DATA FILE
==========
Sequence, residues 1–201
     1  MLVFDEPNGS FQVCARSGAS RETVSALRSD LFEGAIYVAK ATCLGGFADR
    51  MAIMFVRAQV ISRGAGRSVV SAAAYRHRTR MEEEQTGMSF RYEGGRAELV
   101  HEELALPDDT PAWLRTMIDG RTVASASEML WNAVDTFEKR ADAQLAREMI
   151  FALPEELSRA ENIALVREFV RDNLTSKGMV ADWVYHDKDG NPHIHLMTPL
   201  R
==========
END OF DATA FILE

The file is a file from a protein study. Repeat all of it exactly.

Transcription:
Sequence, residues 1–201
     1  MLVFDEPNGS FQVCARSGAS RETVSALRSD LFEGAIYVAK ATCLGGFADR
    51  MAIMFVRAQV ISRGAGRSVV SAAAYRHRTR MEEEQTGMSF RYEGGRAELV
   101  HEELALPDDT PAWLRTMIDG RTVASASEML WNAVDTFEKR ADAQLAREMI
   151  FALPEELSRA ENIALVREFV RDNLTSKGMV ADWVYHDKDG NPHIHLMTPL
   201  R